This past Saturday was the 1st annual Venice Rowing Regatta! We made it a point to stop and watch for a bit. It was, at that point of the day, very pretty out; not yet too hot or windy. We stood on the shore of the Intercoastal Waterway for a bit and then climbed the stairs to the Venice Avenue bridge to watch from a higher vantage point.
They called it, The Battle of the Bridges. There are three bridges that join Venice Island to Venice proper (and therefore the real world). And the regatta used all of them. The rowing competition took the 67 competitors teams from the North or KMI bridge, then under the Venice Avenue Bridge and all the way down to the South, or Circus Bridge and then back again for 24 different events. It was pretty darned awesome.
I think rowing is such a pretty sport. Perfectly synchronized, smooth, quiet (other than the cheering from shore at least) and rather like a ballet. Or maybe the way soldiers march and do that rifle drill thing. And since it was on the water, I could not help but think of Esther Williams and her synchronized swimmers. The oars slice into the water leaving little circles beneath as the boats smoothly move forward over and over. If it weren't for those tiny ripples left behind, they would almost appear to be floating over the water.
We have a neighbor who rows. She is an amazing woman, a force of nature. Very petite but clearly strong and disciplined because she is up and out very early in the morning to go row row row her boat. She has suggested more than once that I consider joining her, but I always smile and say, "no thank you".
And it's not just because I am lazy, although, we all know that I am. It's goes back to the clumsy thing. One of the nicknames given to me by my parents as a kid was "Grace" coz I am not. Sort of like a tall person is called "Shorty" or a big guy, "Tiny". My best friend in high school was a dancer. Everything she did was graceful; sit, stand, dance, even fall. Yes, she even fell gracefully. If we stood together at a ballet barre, her every movement would be as beautiful as a butterfly. I could do most of the same things she did, only when I did it, (assuming I didn't fall on my butt while doing it) I looked like a water buffalo attempting ballet. Do you remember that scene from Fantasia with the hippos wearing tutu's and pirouetting around? Yeah, that's pretty much me doing ballet only not as good.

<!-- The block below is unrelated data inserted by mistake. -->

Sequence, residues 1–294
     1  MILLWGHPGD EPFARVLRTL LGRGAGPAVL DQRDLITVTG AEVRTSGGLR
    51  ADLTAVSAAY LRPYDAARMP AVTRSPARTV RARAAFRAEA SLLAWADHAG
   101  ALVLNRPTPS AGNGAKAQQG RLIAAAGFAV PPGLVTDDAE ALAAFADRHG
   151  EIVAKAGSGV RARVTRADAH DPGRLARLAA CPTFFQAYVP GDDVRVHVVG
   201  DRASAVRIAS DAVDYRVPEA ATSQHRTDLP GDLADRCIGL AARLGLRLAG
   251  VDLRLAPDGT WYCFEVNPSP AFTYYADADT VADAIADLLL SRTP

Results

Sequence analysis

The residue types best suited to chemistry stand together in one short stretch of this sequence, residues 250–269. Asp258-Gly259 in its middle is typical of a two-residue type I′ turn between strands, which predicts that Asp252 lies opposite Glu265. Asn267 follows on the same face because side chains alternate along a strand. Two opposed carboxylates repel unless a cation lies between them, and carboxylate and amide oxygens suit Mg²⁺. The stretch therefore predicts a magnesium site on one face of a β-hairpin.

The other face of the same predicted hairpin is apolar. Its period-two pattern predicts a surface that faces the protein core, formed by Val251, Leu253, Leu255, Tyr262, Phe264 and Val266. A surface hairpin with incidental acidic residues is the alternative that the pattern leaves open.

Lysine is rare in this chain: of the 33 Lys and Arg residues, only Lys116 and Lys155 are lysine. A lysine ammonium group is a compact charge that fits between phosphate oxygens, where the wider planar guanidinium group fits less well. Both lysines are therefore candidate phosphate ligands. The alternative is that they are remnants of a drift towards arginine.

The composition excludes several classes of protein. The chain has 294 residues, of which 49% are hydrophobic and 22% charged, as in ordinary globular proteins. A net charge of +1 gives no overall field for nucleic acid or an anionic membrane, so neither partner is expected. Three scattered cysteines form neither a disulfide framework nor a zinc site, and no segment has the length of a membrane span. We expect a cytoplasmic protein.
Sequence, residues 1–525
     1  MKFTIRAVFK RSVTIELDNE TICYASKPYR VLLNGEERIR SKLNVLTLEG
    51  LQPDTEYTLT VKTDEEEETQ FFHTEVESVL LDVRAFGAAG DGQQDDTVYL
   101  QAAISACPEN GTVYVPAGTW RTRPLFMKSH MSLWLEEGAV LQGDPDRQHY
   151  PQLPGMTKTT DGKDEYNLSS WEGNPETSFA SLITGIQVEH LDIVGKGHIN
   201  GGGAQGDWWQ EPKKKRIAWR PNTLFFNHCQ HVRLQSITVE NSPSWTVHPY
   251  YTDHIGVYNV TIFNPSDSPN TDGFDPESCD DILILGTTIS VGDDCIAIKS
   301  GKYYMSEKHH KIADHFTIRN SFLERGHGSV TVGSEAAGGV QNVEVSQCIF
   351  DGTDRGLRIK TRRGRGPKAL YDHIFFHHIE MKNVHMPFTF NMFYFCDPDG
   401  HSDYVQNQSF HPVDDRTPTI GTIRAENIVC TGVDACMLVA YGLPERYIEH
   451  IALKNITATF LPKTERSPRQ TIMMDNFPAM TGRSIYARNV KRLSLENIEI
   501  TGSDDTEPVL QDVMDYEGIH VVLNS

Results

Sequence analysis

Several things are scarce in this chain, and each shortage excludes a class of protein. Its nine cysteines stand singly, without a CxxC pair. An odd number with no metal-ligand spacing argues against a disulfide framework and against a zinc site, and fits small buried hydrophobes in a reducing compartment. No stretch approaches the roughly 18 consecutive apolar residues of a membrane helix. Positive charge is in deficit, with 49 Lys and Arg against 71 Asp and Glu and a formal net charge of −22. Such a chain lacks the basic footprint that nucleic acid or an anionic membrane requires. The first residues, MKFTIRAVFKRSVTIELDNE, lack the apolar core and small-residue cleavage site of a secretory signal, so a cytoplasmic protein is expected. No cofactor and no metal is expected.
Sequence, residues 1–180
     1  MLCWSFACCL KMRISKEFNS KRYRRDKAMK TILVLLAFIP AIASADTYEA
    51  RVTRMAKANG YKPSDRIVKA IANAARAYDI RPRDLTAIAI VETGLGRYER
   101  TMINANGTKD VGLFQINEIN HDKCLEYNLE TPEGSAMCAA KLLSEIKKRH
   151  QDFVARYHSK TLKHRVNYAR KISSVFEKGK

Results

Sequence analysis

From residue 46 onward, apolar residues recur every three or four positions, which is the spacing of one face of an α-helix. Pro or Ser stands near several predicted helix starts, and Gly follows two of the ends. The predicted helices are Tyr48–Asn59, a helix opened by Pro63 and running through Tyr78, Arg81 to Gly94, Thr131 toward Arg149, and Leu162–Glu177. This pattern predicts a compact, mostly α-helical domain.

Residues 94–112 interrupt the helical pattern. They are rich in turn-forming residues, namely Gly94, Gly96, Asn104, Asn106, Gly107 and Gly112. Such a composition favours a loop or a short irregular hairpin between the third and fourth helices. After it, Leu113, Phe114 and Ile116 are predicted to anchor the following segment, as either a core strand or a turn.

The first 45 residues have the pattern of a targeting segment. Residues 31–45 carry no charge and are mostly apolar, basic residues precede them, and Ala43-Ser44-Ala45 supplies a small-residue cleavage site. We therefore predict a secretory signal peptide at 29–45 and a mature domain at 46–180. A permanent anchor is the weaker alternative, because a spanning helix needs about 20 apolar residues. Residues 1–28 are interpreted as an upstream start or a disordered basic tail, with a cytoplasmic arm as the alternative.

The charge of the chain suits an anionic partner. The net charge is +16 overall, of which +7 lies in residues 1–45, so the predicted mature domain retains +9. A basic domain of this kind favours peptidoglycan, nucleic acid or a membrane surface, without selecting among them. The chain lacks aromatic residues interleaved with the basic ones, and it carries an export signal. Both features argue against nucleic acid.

So that's part of it. But also, I actually have rowed before. In Maine. On the ocean. In a rowboat. I spent most of my summers as a kid on the coast of Maine. Apparently one of my arms is much stronger than the other because every time I took the boat out, I traveled in a zigzag pattern. Strong rowing for a few minutes with what appears to be both arms working together but apparently is really only one that took in almost in a circle, and then a lot of shorter strokes with the just the other arm to straighten back out, over and over and over. Row and correct, row and correct. As hard as I tried, I never got better at it. I actually didn't mind very much, but it probably took me twice as long as necessary to get anywhere and it's a good thing there are no lanes in the Atlantic because I'd be over the double yellow for sure!
And then, there is the fact that when rowing, you are traveling backwards. With no mirror. Isn't that a bizarre way to go anywhere? Seems dicey to me.
Now Canoeing makes more sense. First of all, canoers faced forward. To be fair I only ever canoed one time. Tim took me out on the Myakka River in a canoe a few years back, before we ever even thought about moving here. I loved how quiet it was. We didn't even disturb the birds, the fish hardly knew we were there and (gulp) alligators quietly moved past us without acknowledging our existence. (which was fine with me by the way).
Tim had to teach me how to paddle of course, I'd never done it before. But I paid attention and in a very short time, he was not having to remind me of anything or correct my form. I was rather tickled with myself. Silently, we would paddle and glide, occasionally stopping to, without any words, point something out to each other or take a photograph. It was amazing. And then I got cocky. I suggested that Tim stop paddling entirely and let me do the work for awhile. I was in the bow, Tim behind me. "Okay" says he in agreement. I narrowed my eyes, settled my ballcap and adjusted the lifevest to a more comfortable spot. I dipped my paddles back in the water and push. I paddled for all I'm worth. I could feel the strain in my shoulders, the stretch of muscles in my arms. I was positive that we gone miles at the very least. Finally I stopped, panting a little bit. I looked around and well, I'm not certain that we moved at all. Maybe we did big circles and I just didn't realize it. But that's about it.
Tim suggested gently that he paddle and I just take photos and that is exactly what we did. And for us, that worked out perfectly. Occasionally Tim mentions kayaking to me and while I would certainly give it a try, I am pretty sure I already know how that's going to go.
So you see, while I can certainly admire the rowers, I will not be one of them. I can cheer them on from the banks of the ICW. The extent of my participation in any sport is that of spectator. And I think that is an important job too.
Yup, this is me. Some people said, "Sam, you should write a Blog". "Well, there's a thought", I thought to myself. And so here it is.